Seventeen year old Isabelle falls in love with Robert but there's an issue. He is black and she white and, as this is 1930s Kentucky, interracial relationships are completely unacceptable. Their story is heartbreaking, the path of true love certainly doesn't run smooth.
In the present day Isabelle is being driven to a funeral from her home in Texas to Cincinnati by her hairdresser and friend Dorrie. Dorrie is a black single Mum and has problems of her own. The story is told from both women's point of view, Dorrie tells us about their journey and Isabelle about her life in the past and at the end of the book we discover the identity of the person whose funeral they are attending.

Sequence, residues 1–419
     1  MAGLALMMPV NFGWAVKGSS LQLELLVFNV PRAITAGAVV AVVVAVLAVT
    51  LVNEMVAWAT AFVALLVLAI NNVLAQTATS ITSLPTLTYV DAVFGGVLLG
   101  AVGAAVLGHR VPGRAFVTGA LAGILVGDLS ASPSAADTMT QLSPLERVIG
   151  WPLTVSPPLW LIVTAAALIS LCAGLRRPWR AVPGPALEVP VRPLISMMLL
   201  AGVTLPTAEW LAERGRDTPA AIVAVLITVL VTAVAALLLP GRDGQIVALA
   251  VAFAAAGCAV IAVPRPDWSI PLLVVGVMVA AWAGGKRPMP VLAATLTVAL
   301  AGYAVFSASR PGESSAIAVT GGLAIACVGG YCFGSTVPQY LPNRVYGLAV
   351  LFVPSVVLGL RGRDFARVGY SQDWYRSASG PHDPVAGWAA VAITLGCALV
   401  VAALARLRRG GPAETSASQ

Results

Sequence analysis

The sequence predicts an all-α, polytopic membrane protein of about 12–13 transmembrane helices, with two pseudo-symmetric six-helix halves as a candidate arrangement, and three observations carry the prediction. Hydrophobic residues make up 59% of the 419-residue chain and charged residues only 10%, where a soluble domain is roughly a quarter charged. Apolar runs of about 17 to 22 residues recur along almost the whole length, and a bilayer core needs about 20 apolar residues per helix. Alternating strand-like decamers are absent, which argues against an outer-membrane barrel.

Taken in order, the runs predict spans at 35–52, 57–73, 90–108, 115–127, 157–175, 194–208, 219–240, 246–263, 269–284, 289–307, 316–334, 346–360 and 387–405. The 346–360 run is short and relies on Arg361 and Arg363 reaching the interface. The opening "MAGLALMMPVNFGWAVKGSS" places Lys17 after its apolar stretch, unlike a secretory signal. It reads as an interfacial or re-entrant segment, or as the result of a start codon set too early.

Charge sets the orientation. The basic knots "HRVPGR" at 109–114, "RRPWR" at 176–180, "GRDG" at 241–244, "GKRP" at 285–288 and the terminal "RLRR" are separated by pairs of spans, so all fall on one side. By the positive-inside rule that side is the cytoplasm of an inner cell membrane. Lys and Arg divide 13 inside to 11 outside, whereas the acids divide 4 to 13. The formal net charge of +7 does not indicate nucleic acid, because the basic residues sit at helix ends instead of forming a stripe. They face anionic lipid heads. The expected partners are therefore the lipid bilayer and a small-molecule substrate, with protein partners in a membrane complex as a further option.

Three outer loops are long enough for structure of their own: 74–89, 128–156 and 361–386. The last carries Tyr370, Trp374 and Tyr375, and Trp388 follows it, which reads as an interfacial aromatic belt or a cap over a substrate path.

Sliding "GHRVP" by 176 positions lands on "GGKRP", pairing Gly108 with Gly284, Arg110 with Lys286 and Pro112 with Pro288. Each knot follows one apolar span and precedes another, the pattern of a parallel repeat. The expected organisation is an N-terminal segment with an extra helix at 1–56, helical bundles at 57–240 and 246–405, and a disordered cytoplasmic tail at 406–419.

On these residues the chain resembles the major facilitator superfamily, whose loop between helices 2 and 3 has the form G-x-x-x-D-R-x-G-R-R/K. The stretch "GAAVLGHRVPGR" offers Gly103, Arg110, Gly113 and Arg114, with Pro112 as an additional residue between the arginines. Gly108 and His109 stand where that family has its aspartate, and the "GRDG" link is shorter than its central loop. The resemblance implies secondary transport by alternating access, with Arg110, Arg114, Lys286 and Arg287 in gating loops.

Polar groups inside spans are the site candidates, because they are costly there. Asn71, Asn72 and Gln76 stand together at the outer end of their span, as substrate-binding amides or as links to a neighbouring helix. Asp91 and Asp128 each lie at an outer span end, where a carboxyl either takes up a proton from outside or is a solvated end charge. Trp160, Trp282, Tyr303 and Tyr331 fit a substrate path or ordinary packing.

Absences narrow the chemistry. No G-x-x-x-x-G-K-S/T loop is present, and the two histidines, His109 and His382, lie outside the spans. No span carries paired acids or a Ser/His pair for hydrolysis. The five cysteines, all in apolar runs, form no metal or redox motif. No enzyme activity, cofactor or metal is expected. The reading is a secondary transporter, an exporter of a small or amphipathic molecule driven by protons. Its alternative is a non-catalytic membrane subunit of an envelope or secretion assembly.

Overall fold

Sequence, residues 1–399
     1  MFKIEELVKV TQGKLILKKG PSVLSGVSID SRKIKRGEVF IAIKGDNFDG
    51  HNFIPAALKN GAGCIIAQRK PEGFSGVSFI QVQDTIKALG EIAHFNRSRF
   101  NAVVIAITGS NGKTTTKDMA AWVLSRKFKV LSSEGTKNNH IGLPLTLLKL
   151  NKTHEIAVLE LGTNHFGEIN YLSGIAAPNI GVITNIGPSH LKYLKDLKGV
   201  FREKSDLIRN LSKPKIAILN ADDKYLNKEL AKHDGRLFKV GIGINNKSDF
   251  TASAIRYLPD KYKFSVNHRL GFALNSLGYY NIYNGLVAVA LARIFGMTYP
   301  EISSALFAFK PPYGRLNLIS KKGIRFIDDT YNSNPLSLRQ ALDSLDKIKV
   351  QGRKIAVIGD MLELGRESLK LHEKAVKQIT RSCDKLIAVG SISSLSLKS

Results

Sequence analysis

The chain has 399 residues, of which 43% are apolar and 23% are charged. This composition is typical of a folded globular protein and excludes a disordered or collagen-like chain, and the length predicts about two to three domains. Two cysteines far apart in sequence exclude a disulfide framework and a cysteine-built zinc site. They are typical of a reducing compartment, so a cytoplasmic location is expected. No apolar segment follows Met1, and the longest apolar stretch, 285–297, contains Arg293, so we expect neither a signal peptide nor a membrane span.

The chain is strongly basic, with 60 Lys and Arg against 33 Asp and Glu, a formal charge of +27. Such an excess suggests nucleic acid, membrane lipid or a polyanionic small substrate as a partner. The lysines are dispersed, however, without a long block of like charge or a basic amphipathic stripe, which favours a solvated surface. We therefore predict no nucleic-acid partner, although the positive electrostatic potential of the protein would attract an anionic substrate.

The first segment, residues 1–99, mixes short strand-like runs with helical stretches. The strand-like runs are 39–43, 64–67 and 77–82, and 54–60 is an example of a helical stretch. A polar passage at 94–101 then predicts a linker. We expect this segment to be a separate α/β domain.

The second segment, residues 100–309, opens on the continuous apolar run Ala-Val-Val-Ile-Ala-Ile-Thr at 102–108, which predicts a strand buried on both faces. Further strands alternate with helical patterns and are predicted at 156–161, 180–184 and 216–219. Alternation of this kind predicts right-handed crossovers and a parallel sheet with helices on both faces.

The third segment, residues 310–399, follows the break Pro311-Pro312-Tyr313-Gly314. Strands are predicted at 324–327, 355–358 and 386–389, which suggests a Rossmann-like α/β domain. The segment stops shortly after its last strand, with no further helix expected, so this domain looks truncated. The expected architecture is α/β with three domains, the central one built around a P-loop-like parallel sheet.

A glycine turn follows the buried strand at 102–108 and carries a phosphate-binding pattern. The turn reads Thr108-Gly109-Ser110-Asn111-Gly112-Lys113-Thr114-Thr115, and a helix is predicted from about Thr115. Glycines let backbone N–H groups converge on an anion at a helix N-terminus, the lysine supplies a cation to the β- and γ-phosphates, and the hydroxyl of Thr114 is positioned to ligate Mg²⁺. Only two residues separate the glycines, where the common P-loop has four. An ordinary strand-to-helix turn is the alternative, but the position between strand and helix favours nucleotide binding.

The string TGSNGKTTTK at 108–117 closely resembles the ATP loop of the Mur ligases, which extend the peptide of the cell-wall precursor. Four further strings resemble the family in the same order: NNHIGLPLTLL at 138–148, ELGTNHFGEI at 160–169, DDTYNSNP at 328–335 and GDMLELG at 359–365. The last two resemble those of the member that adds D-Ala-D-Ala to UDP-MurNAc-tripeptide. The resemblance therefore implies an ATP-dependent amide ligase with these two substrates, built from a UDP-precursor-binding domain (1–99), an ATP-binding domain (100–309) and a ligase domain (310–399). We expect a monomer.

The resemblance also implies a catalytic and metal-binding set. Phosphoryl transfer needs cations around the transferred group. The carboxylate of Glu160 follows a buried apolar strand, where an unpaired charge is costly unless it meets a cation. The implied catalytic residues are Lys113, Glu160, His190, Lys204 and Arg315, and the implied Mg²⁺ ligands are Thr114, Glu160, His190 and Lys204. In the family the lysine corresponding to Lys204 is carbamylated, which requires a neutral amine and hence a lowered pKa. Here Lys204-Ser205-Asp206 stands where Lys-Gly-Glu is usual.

This is well written but at first I was disappointed, I'd heard good things and the story just wasn't grabbing me. Once Robert and Isabelle got together though it became much more interesting and I raced through, desperate to find out what would happen to them. It doesn't matter how many times I read about these times and how people were treated it never fails to shock or upset me. Will definitely appeal to readers who enjoy Southern fiction and good storytelling.